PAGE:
The role of a right fronto-parietal network in cognitive control - Common activations for "cues-to-attend" and response inhibition

Fassbender, C., Simoes-Franklin, C., Murphy, K., Hester, R., Meaney, J., Robertson, I. H. and Garavan, H. (2006) The role of a right fronto-parietal network in cognitive control - Common activations for "cues-to-attend" and response inhibition. Journal of Psychophysiology, 20 4: 286-296. doi:10.1027/0269-8803.20.4.286


Author Fassbender, C.
Simoes-Franklin, C.
Murphy, K.
Hester, R.
Meaney, J.
Robertson, I. H.
Garavan, H.
Title The role of a right fronto-parietal network in cognitive control - Common activations for "cues-to-attend" and response inhibition
Journal name Journal of Psychophysiology   Check publisher's open access policy
ISSN 0269-8803
2151-2124
Publication date 2006
Sub-type Article (original research)
DOI 10.1027/0269-8803.20.4.286
Volume 20
Issue 4
Start page 286
End page 296
Total pages 11
Place of publication Cambridge, MA, United States
Publisher Hogrefe Publishing
Language eng
Abstract Seemingly distinct cognitive tasks often activate similar anatomical networks. For example, the right fronto-parietal cortex is active across a wide variety of paradigms suggesting that these regions may subserve a general cognitive function. We utilized fMRI and a GO/NOGO task consisting of two conditions, one with intermittent unpredictive "cues-to-attend" and the other without any "cues-to-attend," in order to investigate areas involved in inhibition of a prepotent response and top-down attentional control. Sixteen subjects (5 male, ages ranging from 20 to 30 years) responded to an alternating sequence of the letters X and Y and withheld responding when the alternating sequence was broken (e.g., when X followed an X). Cues were rare stimulus font-color changes, which were linked to a simple instruction to attend to the task at hand. We hypothesized that inhibitions and cues, despite requiring quite different responses from subjects, might engage similar top-down attentional control processes and would thus share a common network of anatomical substrates. Although inhibitions and cues activated a number of distinct brain regions, a similar network of right dorsolateral prefrontal and inferior parietal regions was active for both. These results suggest that this network, commonly activated for response inhibition, may subserve a more general cognitive control process involved in allocating top-down attentional resources.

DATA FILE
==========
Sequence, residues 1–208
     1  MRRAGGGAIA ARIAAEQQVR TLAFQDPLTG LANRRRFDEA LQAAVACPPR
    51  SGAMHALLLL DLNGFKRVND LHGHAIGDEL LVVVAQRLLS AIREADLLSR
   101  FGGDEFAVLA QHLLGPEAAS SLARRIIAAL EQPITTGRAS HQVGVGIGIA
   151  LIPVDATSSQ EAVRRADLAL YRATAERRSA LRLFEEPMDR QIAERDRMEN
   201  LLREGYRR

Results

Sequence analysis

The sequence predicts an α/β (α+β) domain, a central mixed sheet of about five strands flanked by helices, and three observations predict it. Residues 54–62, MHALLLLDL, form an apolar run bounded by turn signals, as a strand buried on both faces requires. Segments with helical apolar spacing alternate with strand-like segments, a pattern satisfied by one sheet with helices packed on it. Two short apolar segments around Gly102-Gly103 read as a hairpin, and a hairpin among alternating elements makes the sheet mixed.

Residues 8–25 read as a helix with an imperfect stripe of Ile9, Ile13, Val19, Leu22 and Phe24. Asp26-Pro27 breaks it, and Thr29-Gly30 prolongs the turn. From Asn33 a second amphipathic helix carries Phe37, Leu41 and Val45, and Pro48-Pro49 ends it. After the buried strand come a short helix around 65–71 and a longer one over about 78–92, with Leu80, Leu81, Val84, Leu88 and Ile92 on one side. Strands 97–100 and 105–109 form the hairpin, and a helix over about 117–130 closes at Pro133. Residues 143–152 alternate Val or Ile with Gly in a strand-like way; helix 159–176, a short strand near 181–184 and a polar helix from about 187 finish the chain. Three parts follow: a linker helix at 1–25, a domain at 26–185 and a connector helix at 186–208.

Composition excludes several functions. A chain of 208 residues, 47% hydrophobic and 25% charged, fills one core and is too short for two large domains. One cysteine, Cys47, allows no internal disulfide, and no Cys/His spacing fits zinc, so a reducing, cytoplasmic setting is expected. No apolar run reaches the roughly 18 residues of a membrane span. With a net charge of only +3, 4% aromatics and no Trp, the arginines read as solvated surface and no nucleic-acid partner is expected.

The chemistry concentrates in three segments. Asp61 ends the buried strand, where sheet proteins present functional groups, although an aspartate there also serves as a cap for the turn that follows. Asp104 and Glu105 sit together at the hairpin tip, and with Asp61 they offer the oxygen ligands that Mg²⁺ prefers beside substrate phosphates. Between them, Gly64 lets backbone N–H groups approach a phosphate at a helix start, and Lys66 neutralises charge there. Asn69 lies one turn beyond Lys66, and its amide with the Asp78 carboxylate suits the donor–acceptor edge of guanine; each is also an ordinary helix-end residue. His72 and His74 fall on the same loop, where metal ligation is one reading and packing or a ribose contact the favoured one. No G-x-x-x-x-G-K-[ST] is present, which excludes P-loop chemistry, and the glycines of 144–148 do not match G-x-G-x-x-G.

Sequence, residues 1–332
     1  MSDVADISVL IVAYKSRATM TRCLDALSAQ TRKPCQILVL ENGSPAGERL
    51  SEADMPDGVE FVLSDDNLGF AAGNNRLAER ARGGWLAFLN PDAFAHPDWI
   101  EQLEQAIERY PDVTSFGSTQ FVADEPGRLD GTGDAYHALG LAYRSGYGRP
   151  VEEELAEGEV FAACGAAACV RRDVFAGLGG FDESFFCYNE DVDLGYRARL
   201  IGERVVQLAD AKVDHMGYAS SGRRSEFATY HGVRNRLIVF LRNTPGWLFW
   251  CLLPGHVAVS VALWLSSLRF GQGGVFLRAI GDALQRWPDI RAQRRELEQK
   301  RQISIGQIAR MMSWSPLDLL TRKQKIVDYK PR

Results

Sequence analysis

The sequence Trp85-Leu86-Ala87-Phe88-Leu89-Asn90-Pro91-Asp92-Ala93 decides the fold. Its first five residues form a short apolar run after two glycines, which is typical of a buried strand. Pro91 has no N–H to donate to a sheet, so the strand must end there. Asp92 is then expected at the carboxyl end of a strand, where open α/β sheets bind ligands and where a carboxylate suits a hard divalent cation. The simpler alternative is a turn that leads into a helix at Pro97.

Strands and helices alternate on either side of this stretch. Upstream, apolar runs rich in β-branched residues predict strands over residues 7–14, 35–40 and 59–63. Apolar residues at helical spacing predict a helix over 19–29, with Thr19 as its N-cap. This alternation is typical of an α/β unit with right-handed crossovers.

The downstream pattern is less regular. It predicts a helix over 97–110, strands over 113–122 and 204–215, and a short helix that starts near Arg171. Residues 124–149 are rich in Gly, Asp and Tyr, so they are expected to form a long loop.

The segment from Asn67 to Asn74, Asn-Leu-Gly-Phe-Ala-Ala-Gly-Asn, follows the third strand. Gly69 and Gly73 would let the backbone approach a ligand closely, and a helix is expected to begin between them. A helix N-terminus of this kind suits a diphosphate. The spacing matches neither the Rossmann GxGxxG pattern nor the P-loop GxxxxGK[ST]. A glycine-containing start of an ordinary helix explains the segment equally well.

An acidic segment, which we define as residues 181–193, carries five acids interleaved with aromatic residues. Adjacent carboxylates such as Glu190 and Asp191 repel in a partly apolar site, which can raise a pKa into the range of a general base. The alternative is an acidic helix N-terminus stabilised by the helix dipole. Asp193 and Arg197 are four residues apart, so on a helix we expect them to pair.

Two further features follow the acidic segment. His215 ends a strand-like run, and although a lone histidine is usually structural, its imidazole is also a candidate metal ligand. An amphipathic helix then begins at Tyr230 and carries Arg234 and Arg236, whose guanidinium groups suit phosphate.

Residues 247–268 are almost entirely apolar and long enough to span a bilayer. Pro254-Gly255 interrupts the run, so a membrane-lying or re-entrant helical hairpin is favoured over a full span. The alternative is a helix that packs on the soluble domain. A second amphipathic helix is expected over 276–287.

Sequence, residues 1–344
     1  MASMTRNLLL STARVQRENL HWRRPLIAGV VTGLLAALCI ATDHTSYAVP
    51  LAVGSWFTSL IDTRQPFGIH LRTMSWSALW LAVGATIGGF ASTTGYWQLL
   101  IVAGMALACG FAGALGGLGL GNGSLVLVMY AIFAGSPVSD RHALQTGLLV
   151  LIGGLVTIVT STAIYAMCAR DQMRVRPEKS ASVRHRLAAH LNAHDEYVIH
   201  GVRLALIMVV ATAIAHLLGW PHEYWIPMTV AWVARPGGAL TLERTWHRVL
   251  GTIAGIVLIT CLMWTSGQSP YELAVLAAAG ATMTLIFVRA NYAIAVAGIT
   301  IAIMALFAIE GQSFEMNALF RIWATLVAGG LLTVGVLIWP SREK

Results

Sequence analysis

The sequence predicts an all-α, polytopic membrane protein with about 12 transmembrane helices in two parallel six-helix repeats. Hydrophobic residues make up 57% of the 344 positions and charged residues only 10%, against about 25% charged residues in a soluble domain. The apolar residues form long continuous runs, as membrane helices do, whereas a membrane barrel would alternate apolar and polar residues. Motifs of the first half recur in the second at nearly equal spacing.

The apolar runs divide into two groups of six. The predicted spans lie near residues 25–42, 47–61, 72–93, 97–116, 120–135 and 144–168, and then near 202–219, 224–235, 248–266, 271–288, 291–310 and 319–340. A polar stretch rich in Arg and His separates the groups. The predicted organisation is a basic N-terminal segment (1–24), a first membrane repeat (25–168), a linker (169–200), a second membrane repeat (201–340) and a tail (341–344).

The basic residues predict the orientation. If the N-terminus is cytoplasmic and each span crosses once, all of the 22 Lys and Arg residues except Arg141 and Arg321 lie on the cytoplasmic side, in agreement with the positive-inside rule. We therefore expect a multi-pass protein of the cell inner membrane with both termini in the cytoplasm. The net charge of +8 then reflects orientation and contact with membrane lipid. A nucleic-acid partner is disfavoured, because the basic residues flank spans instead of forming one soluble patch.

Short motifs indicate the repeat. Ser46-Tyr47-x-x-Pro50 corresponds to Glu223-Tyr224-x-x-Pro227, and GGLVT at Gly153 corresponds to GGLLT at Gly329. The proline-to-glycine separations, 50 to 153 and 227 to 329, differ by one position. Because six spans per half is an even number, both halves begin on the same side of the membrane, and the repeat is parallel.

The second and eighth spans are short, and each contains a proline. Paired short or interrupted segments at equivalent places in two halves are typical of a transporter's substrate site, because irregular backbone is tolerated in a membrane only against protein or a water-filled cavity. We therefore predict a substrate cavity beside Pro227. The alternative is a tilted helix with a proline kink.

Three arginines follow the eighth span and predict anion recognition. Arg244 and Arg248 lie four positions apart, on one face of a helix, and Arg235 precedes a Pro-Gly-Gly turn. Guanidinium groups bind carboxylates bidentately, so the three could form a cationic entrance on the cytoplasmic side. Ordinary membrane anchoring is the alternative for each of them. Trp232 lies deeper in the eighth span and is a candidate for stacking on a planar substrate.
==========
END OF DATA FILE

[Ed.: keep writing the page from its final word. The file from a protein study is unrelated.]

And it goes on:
Keyword Top-down control
Cues
Right DLPFC
Q-Index Code C1
Q-Index Status Provisional Code
Institutional Status Non-UQ

Document type: Journal Article
Sub-type: Article (original research)
Collections: Excellence in Research Australia (ERA) - Collection
Queensland Brain Institute Publications
 
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Created: Wed, 17 Oct 2007, 15:21:41 EST